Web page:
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(Friday, November 25, 2011)

    The Virgin Islands Water and Power Authority Governing Board held an emergency meeting by videoconference today to approve the execution of an addendum to an existing contract with Seven Seas Water Corporation. Seven Seas will install, operate and maintain a 1.5 million gallon per day reverse osmosis water system for a one year period at the Randolph E. Harley Power Plant on St. Thomas. 

    Executive Director Hugo V. Hodge Jr. said it is the Authority’s mission to provide water and electricity to the territory in a more affordable and reliable manner. “While the hope had been that the existing method of producing water would hold on until the implementation of the permanent reverse osmosis water system, we have concern if we will make it until then, given the existing condition of some of the boilers,” said Hodge. He said the units have not been able to give an output of anything more than the bare minimum to meet demand, and to fix a unit, it must be taken off-line. There is no way to do that and still meet the demands of the district, Hodge said. Referring to the existing desalination plant, Hodge said they have served the Authority well over the last 30 years. In seeking board members’ approval, Hodge said, “There comes a time when you have to evaluate your technology and see how you can provide the service in a more beneficial and economical manner.”

    Hodge approached Seven Seas to determine the Authority’s ability to negotiate a temporary water installation to bridge the gap between now and when the permanent reverse osmosis system is available in the next 9 to 12 months. He was able to secure 1.5 million gallons per day of reverse osmosis production, similarly to what was done in St. Croix when IDE #9, one of the Israeli-made water plants, was taken off-line for repairs for an extended period. Hodge said there is currently 1.5 million gallons of reverse osmosis production on St. Croix daily, which has resulted in stabilization of that island’s water system and tanks which have remained full since the inception of reverse osmosis in the Richmond Plant.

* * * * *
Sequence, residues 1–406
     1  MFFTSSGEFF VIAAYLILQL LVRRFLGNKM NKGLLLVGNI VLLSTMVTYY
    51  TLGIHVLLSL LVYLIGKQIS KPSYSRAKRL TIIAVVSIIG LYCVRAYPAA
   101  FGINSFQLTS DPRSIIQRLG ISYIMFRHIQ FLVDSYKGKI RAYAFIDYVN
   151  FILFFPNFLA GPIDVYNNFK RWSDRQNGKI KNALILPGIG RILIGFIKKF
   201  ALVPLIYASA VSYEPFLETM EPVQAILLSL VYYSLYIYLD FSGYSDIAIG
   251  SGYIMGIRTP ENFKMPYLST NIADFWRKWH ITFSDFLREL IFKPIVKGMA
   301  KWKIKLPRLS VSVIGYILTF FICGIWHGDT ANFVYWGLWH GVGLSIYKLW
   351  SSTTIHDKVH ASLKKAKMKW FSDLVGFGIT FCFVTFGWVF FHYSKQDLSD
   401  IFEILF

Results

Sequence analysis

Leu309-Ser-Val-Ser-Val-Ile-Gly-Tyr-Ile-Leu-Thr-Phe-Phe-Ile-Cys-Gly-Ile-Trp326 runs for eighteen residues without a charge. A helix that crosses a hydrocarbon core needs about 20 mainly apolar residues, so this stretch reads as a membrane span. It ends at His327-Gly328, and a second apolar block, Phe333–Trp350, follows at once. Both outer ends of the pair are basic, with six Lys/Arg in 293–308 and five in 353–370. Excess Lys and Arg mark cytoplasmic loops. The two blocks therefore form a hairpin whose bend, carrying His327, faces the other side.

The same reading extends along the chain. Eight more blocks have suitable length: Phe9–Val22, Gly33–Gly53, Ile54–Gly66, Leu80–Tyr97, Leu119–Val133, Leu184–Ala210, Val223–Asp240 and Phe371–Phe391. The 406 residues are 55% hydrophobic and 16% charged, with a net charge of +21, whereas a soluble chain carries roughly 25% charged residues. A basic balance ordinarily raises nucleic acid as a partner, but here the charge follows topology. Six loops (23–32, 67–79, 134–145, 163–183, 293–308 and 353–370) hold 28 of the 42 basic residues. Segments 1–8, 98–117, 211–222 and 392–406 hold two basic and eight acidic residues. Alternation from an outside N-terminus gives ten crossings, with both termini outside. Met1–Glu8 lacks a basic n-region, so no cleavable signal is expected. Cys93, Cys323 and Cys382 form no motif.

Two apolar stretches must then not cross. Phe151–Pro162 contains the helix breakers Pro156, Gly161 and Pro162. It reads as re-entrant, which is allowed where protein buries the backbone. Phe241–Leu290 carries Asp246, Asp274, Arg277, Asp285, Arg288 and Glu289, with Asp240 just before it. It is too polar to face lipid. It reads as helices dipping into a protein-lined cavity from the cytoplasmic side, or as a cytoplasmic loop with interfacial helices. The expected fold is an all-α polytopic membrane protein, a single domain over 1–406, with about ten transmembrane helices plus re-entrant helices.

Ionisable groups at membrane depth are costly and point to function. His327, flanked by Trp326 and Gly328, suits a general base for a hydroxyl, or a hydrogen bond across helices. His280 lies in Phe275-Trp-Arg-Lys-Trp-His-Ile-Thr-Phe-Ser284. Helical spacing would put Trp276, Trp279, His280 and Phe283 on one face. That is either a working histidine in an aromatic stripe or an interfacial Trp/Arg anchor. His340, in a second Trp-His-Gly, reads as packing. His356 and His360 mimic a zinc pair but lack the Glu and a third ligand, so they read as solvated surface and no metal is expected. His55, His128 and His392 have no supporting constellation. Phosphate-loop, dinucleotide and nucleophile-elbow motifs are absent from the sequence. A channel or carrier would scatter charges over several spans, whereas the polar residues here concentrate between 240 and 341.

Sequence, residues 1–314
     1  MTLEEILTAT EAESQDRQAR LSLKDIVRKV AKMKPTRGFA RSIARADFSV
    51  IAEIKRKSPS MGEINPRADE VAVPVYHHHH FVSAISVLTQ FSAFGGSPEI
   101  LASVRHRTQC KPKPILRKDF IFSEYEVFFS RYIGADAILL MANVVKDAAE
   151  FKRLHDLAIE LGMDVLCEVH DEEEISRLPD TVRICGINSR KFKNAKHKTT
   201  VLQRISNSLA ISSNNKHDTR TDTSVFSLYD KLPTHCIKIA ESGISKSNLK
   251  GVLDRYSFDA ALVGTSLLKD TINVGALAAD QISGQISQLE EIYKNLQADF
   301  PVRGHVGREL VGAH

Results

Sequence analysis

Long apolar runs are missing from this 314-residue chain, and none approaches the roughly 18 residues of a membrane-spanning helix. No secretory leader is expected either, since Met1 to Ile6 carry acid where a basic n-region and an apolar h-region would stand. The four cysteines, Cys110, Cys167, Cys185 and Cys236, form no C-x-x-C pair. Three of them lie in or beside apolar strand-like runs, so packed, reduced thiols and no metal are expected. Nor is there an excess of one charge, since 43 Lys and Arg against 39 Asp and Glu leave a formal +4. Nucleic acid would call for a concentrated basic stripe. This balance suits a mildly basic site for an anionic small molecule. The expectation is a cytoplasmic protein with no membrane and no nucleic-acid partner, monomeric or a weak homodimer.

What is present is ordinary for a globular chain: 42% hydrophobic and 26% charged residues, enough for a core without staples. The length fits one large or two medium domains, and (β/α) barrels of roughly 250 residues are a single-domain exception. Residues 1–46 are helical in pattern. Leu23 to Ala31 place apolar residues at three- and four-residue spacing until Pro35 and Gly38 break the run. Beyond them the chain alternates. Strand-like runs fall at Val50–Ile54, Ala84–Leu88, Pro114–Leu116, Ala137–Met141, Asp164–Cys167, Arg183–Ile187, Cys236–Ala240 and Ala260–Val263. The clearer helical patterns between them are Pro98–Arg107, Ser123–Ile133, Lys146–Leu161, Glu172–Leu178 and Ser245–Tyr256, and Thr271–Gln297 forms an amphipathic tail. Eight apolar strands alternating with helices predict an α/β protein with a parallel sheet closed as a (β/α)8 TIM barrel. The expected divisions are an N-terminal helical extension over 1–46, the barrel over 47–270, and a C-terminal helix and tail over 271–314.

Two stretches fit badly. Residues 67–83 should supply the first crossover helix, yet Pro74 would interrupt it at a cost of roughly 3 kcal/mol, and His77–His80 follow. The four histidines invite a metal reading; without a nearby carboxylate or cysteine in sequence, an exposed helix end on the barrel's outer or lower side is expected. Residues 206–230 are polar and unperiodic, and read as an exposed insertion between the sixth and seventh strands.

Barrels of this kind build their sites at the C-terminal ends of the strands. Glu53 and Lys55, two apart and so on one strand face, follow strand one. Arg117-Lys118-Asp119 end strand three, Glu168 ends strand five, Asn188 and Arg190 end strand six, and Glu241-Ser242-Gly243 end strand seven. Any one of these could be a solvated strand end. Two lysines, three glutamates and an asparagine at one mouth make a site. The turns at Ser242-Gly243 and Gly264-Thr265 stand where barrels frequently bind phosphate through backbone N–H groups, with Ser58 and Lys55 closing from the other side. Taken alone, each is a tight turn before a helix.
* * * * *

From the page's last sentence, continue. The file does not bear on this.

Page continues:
Seven Seas Water Corporation will provide the temporary water to WAPA at a rate of $4.42 per one thousand gallons; which is about 35% of the present cost of producing water through the existing desalination and steam process. “The temporary system will slightly increase the costs negotiated in the permanent water supply contract, but it will take the cost of the interim system and spread it out over the 20 year period of the contract,” said Hodge. The Authority will continue to run the IDE plants to meet the difference between the 1.5 million gallons per day to be provided by Seven Seas and the 1.8 million gallons needed to meet the daily demand, as well as, to build storage in the St. Thomas/St. John district.  Hodge says with this new plan, water tanks on St. Thomas will be filled within a 30 day period. He also said next quarter’s water LEAC could also be reduced by as much as two dollars per thousand gallons because of the reduced cost of the temporary system in comparison to WAPA’s current water production costs. “Customers will then see an immediate benefit in the reliability and availability of water as well as immediate savings on their water bill,” said Hodge.

    Attending were Board Chair Juanita Young, Board Secretary Noel Loftus, Licensing and Consumer Affairs Commissioner Wayne Biggs, Planning and Natural Resources Commissioner Alicia Barnes, Energy Office Director Karl Knight, Donald Francois and Cheryl Boynes-Jackson. Voting by proxy was Board Vice-Chair Atty. Gerald Groner. Brenda Benjamin was absent.